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Some time ago I was rejected as donor and received following rejection letter:

Just wanted to inform you that there was a positive infectious disease result for Hepatitis B. Unfortunately, we cannot take donors into the program with a positive Hepatitis B test result due to the inventory possibly being compromised.

And the following test results were attached to the rejection letter:

Hepatitis Bc IgM Ab: NON-REACTIVE (Anti-HBc IgM)

Hepatitis Bs Ag: NON-REACTIVE (HBsAg)

Hepatitis Bc Ab: REACTIVE (HBcAb)

Obviously, I don't want to be a donor, if I pose risk to someone else. So I am fine with their judgment, if it is in best interest of others.

However, now I am curious, especially after I found this CDC website and I am trying to understand under which category I fall under.

My understanding is that I fall under "Immune due to natural infection" and that it is actually impossible for me to infect others via sexual intercourse or if someone else uses my blood?

  • 1
    EXCELLENT question, and welcome! – DoctorWhom Oct 26 '17 at 3:15
  • Did you copy your results correctly? The one reactive test, HBcAb, doesn't appear in the link you provided. – Carey Gregory Oct 26 '17 at 5:11
  • @CareyGregory I just double checked everything and yes, I have copied everything correctly. Could "HBcAb" be the same thing as "anti-HBc" that does show up in the table? – user19123129129 Oct 26 '17 at 17:57
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The Hepatitis B core antibody test is positive for IgG but negative for IgM indicating that you had the hepatitis B infection a while ago. The negative hepatitis B surface antigen test means that they are not detecting the hepatitis B in your blood when testing for the virus surface antigen. This means you've successfully cleared the infection to a very low level. You don't mention the hepatitis B surface antibody levels which are usually used to determine if you're now immune eg. after a series of hepatitis B vaccinations.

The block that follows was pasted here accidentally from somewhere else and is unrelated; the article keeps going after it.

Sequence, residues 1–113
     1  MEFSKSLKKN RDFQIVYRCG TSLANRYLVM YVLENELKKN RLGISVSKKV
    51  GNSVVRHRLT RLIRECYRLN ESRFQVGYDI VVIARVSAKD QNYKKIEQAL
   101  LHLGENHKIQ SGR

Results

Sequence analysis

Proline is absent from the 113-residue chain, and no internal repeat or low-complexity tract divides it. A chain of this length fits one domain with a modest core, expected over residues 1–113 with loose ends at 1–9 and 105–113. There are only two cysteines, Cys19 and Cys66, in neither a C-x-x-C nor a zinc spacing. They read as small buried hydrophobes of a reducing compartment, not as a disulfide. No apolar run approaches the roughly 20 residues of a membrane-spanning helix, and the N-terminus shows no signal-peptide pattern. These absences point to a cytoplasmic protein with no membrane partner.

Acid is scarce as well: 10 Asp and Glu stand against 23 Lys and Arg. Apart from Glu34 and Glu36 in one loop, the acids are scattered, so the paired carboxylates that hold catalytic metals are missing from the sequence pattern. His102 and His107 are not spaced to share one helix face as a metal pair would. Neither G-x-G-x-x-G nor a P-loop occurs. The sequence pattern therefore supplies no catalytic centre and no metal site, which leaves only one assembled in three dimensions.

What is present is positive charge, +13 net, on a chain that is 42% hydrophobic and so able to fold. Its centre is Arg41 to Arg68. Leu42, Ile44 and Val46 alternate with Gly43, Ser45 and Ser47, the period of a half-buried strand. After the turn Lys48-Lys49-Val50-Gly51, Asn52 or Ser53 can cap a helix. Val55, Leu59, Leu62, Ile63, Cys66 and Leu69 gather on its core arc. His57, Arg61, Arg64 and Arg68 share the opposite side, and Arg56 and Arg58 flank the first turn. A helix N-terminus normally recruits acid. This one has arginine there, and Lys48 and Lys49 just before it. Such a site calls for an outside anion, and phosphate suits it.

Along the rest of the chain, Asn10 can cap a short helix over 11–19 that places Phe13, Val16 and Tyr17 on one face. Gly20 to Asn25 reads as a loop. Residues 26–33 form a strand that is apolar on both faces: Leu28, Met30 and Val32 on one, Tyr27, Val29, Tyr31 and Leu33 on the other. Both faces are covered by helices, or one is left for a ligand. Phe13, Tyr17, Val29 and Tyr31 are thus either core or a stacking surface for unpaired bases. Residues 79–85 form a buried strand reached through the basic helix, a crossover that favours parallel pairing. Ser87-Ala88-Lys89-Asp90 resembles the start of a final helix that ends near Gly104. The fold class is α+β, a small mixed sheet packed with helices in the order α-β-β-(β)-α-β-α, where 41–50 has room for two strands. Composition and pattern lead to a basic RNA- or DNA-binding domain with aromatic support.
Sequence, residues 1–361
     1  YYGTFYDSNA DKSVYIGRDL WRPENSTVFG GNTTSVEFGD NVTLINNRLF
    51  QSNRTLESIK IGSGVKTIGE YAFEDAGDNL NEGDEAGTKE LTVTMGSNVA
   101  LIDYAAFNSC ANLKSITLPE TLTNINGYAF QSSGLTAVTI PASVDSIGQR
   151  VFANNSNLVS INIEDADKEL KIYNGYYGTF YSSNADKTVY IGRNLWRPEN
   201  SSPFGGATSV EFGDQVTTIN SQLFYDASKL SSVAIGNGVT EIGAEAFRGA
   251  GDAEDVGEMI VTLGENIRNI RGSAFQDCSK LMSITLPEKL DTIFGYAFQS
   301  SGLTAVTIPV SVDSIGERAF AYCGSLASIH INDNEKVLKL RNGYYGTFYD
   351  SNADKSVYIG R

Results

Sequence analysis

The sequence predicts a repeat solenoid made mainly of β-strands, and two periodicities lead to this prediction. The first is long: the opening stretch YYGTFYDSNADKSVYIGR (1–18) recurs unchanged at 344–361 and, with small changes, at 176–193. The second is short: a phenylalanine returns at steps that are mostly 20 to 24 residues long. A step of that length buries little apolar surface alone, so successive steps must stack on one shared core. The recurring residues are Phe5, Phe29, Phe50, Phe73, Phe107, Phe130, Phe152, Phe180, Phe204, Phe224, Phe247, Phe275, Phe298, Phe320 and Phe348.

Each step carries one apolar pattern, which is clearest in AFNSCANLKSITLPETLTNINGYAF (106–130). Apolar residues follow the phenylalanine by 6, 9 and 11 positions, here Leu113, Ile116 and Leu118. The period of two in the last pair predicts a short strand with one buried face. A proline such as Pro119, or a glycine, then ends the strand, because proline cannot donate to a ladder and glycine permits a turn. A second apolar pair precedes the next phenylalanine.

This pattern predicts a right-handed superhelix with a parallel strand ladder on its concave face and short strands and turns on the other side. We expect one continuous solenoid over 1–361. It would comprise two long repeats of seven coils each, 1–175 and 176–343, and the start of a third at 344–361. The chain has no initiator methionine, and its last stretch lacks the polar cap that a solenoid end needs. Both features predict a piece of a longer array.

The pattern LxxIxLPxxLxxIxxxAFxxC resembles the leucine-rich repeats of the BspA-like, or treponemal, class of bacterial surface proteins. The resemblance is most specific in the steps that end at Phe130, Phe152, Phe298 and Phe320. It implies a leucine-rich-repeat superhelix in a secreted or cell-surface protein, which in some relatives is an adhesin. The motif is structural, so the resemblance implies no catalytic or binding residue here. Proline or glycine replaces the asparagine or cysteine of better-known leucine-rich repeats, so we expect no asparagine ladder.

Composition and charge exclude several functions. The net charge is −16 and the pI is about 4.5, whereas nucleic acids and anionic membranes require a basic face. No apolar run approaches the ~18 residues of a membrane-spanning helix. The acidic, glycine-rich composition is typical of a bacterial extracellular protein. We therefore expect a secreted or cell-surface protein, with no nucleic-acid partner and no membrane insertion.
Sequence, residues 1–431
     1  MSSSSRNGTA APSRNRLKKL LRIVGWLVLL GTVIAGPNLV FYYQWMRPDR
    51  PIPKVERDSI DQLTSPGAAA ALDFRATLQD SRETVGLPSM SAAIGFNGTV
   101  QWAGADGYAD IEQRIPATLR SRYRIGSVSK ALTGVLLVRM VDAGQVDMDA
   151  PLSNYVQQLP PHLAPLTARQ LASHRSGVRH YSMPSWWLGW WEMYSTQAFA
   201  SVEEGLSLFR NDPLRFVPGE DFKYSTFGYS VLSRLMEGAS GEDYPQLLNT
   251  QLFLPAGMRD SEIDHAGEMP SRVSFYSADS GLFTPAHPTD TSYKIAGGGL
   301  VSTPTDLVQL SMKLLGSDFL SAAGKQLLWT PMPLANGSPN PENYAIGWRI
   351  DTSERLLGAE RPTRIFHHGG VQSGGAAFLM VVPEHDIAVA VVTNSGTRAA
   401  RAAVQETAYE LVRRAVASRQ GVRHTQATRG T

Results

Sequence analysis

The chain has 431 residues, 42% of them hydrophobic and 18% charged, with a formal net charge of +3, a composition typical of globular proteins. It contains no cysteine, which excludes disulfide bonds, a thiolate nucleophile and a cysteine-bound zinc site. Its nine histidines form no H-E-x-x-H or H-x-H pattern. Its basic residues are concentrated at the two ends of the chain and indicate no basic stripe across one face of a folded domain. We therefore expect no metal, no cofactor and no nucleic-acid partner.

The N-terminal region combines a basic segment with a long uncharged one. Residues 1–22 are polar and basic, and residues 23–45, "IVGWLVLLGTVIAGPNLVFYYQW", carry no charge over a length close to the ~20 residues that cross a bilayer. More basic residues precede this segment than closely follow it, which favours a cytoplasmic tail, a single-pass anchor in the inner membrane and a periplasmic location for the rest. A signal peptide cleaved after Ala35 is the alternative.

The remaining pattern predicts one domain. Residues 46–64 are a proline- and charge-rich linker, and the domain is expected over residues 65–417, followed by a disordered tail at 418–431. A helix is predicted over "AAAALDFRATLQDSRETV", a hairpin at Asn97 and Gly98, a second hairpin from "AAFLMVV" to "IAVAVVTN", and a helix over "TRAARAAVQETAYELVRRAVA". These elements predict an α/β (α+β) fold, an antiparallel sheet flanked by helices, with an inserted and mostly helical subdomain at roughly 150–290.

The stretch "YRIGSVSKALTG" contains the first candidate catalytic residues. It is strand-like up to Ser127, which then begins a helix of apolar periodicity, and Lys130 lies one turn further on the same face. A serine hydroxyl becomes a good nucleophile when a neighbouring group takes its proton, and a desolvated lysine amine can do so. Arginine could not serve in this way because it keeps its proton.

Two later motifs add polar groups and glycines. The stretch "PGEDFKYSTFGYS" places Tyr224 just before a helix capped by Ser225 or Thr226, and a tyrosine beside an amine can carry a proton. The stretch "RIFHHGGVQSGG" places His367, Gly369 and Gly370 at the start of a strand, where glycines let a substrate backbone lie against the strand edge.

This doesn't mean you don't have the virus in your system. Immunosuppressants such as methotrexate and TNF inhibitors could still potentially reactivate the hepatitis B infection. So, you'd want to measure the HBV DNA viral load and then track that serially to see if such treatment causes a reactivation.

https://www.ncbi.nlm.nih.gov/pubmed/24805974

  • Indeed, it seems that donor clinic did not do HBsAb (Hepatitis B Surface AntiBody test). However, I just stumbled across HBsAb tests I did long time ago with my general doctor and I have had HBsAb positive there. I guess this HBsAb positive proves that I am actually naturally immune, but the donor clinic does not care about HBsAb because they just don't want to take any risk? – user19123129129 Oct 26 '17 at 18:18
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    Because it's not relevant to them. They have already established you have been infected. – Graham Chiu Oct 26 '17 at 19:50

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